The shank bone represents the Pesach, the special lamb sacrifice made in the days of the Temple for the Passover holiday. It is called the pesach, from the Hebrew word meaning “to pass over,” because God passed over the houses of our ancestors in Egypt when visiting plagues upon our oppressors.

The matzah reminds us that when our ancestors were finally free to leave Egypt, there was no time to pack or prepare. Our ancestors grabbed whatever dough was made and set out on their journey, letting their dough bake into matzah as they fled.

The bitter herbs provide a visceral reminder of the bitterness of slavery, the life of hard labor our ancestors experienced in Egypt.

-- Cup #2 & Dayenu
Source : http://www.reformjudaism.org/modern-additions-seder-plate

Passover offers a variety of opportunities to infuse our holiday celebrations with social justice themes. Here are a few modern additions to consider adding to your table:

  • Miriam's Cup: This new custom celebrates Miriam’s role in the deliverance from slavery and her help throughout the wandering in the wilderness. A cup of water is placed next to Elijah's cup to symbolise Miriam's role in the redemption from slavery. With this new custom, we recognise that women have always been – and continue to be – integral to the continued survival of the Jewish community.
  • Orange: Many families and congregations have begun adding an orange to the Seder plate as a way of acknowledging the role of people who feel marginalised within the Jewish community. Professor Susannah Heschel explains that in the 1980’s, feminists at Oberlin College placed a crust of bread on the Seder plate, saying, “There's as much room for a lesbian in Judaism as there is for a crust of bread on the seder plate.” Heschel adapted this practice, placing an orange on her family's seder plate and asking each attendee to take a segment of the orange, make the blessing over fruit, and eat it as a gesture of solidarity with LGBTQ Jews and others who are marginalised within the Jewish community. They spit out the orange seeds, which were said to represent homophobia.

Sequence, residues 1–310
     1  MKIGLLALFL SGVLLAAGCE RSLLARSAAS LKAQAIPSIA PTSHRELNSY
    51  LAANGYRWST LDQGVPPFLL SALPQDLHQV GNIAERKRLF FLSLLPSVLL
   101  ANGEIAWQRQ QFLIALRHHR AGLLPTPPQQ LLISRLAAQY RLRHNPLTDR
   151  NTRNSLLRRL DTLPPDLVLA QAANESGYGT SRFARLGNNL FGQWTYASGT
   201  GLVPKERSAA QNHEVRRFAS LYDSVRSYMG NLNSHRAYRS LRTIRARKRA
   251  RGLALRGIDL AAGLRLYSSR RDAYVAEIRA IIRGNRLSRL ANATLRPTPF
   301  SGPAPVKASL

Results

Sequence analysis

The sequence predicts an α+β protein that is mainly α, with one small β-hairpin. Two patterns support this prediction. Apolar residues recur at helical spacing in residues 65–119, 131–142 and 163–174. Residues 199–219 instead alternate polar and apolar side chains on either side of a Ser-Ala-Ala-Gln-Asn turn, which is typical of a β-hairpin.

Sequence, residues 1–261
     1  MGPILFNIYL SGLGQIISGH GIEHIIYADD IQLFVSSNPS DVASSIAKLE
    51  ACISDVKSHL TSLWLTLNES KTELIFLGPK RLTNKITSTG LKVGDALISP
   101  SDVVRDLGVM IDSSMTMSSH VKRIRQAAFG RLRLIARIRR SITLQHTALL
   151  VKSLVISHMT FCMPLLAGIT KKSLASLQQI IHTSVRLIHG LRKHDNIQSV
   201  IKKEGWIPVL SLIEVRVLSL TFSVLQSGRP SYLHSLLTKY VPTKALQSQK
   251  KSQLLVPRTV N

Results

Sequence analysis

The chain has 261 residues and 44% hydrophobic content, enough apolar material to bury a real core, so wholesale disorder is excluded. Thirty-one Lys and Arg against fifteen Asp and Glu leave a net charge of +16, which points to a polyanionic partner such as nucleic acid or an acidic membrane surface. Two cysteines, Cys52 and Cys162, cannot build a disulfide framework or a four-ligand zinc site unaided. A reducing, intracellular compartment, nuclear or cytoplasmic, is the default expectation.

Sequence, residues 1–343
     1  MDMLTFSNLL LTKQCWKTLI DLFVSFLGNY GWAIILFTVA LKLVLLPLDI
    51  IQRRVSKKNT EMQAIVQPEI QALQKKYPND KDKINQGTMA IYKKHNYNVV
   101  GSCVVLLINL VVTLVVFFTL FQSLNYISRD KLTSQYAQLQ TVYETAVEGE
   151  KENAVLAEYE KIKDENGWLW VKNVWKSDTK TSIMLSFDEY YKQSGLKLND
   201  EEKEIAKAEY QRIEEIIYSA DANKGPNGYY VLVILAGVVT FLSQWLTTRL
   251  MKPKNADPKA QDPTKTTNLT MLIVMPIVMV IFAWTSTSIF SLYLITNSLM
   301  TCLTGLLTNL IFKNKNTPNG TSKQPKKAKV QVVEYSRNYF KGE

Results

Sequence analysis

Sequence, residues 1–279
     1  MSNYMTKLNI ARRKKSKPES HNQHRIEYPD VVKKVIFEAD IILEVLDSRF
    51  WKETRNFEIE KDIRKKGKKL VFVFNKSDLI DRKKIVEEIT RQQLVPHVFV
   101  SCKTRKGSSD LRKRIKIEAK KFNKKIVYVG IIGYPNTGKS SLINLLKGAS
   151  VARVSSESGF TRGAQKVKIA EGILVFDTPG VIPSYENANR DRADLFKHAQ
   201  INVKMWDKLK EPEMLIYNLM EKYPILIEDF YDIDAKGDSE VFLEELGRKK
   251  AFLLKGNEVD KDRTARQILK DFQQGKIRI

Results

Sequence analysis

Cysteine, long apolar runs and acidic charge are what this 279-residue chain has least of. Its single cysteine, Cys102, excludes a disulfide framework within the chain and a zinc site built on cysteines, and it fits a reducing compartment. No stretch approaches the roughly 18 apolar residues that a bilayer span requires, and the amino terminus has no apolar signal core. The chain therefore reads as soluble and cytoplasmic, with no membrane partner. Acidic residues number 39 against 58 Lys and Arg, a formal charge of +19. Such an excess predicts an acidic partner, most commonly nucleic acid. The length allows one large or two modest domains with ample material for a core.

• Potato: In 1991, Israel launched Operation Solomon, a covert plan to bring Ethiopian Jews to the Holy Land. When these famished, downtrodden Jews arrived in Israel, many were so hungry and ill that they were unable to digest substantial food. Israeli doctors fed these new immigrants simple boiled potatoes and rice until their systems could take more food. This addition honours a wondrous exodus in our own time, from Ethiopia to Israel.
  • Fair Trade Chocolate or Cocoa Beans: The fair trade movement promotes economic partnerships based on equality, justice and sustainable environmental practices. Fair Trade certified chocolate and coca beans are grown under standards that prohibit the use of forced labour. They can be included on the seder plate to remind us that although we escaped from slavery in Egypt, forced labour is still very much an issue today.

What modern traditions has your family or congregation integrated into your seder ? Will you be including a Miriam’s Cup, potato, orange, or fair trade products in next year’s Passover celebration?

-- Cup #2 & Dayenu

Psalm 114

בְּצֵאת יִשְׂרָאֵל, מִמִּצְרָיִם; בֵּית יַעֲקֹב, מֵעַם לֹעֵז
הָיְתָה יְהוּדָה לְקָדְשׁוֹ; יִשְׂרָאֵל, מַמְשְׁלוֹתָיו
הַיָּם רָאָה, וַיָּנֹס; הַיַּרְדֵּן, יִסֹּב לְאָחוֹר
הֶהָרִים, רָקְדוּ כְאֵילִים; גְּבָעוֹת, כִּבְנֵי-צֹאן
מַה-לְּךָ הַיָּם, כִּי תָנוּס; הַיַּרְדֵּן, תִּסֹּב לְאָחוֹר
הֶהָרִים, תִּרְקְדוּ כְאֵילִים; גְּבָעוֹת, כִּבְנֵי-צֹאן
מִלִּפְנֵי אָדוֹן, חוּלִי אָרֶץ; מִלִּפְנֵי, אֱלוֹהַּ יַעֲקֹב
הַהֹפְכִי הַצּוּר אֲגַם-מָיִם; חַלָּמִישׁ, לְמַעְיְנוֹ-מָיִם

B'tzeit Yisraeil miMitzrayim. Beit Ya'akov mei'am lo'eiz